What it is:
In banking, non-interest income is revenue derived mostly from fees and other activities outside the core activity of lending.
How it works/Example:
For example, let's say Bank XYZ charges customers $25 for bounced checks, $4 to use an out-of-network ATM, and $3 for a paper statement. These fees are considered non-interest income.
There are literally dozens of different kinds of non-interest income. Here's a list of some of the more common types...
-- late fees
-- monthly account service charges
-- annual fees
-- service fees
-- inactivity fees
-- insufficient funds (NSF) fees
-- overdraft fees
-- over-the-limit fees
-- check fees
-- deposit slip fees
-- loan origination fees
-- loan servicing fees
-- gains and losses from the sale of loans and securities
Some banks and other financial institutions also generate significant revenues from the sale of insurance products, financial planning services, annuities and brokerage services, among other things. If a financial institution's primary source of income comes from charging its customers interest on loans, then any other fees or services it provides will typically fall into the category of non-interest income. You'll often find these items listed as non-interest revenue on the company's income statement.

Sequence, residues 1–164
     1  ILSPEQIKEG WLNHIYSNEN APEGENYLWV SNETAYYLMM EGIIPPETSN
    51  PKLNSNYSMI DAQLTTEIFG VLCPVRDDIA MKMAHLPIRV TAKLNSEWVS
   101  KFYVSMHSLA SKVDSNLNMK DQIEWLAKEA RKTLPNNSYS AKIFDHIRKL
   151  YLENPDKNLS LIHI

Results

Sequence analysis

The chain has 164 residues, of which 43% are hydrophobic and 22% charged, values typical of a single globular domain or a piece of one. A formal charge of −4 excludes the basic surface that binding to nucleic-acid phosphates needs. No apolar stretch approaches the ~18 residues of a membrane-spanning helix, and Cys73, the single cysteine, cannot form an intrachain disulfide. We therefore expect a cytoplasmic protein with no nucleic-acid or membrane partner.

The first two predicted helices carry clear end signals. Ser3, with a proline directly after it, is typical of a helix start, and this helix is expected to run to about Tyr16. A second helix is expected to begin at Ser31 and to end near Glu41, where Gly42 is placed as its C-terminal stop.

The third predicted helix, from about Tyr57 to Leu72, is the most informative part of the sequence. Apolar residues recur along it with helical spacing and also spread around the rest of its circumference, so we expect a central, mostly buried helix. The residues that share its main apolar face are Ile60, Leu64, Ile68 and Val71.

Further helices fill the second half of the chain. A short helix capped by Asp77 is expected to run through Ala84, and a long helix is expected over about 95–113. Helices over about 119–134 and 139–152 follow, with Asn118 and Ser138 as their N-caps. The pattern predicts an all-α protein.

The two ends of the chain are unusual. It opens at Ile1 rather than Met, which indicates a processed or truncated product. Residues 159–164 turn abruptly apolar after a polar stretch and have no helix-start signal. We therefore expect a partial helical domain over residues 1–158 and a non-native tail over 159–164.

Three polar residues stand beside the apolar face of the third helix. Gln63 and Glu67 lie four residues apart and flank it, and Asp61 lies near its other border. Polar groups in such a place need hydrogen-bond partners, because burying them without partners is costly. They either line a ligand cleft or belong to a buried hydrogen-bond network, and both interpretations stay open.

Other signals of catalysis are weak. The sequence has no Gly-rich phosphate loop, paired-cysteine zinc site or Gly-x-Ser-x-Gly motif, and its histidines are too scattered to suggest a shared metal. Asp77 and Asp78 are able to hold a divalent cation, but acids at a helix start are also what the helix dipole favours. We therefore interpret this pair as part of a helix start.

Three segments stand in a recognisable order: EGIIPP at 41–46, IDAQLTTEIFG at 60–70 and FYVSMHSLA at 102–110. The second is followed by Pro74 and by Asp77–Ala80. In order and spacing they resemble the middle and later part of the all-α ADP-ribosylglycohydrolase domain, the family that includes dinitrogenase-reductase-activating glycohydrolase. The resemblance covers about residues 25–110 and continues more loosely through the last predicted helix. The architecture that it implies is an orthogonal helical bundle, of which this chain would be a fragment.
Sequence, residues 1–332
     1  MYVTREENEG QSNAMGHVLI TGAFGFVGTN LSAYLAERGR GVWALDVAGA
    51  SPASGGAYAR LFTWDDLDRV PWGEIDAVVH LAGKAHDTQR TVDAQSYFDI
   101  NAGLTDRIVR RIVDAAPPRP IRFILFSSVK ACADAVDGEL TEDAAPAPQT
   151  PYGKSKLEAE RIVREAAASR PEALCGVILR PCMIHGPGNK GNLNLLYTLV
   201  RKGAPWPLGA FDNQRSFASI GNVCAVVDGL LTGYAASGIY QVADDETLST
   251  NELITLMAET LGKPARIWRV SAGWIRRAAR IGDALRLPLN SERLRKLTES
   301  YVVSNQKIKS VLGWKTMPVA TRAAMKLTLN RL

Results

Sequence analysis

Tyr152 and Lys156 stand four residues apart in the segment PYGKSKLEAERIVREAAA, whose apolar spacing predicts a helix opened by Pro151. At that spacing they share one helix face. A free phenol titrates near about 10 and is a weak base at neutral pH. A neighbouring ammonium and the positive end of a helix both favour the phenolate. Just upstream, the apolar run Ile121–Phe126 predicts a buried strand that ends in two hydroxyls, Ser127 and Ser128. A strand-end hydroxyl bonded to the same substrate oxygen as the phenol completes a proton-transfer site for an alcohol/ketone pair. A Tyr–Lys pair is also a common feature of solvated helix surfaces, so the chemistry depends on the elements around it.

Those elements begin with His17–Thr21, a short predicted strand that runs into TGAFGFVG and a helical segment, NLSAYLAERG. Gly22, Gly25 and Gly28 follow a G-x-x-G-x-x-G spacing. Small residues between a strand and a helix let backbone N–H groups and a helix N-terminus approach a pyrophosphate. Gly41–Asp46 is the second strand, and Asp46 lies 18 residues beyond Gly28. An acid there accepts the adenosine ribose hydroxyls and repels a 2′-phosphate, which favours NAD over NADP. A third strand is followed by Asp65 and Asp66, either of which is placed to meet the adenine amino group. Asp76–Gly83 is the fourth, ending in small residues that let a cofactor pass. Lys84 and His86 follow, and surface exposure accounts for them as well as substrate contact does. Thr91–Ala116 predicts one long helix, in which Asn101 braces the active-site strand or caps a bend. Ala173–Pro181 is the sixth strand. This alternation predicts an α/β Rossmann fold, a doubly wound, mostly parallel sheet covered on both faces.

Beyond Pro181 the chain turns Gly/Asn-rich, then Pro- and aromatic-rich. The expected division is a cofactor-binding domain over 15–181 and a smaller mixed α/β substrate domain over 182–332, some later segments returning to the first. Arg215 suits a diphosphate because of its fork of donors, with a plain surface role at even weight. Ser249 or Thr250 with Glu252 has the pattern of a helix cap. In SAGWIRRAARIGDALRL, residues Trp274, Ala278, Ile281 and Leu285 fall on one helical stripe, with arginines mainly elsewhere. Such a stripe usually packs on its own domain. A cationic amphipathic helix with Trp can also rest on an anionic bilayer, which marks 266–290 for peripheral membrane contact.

Why it matters:
There are many forms of non-interest income, and they constitute a major component of revenue for banks, credit card companies, and many other financial institutions in the United States.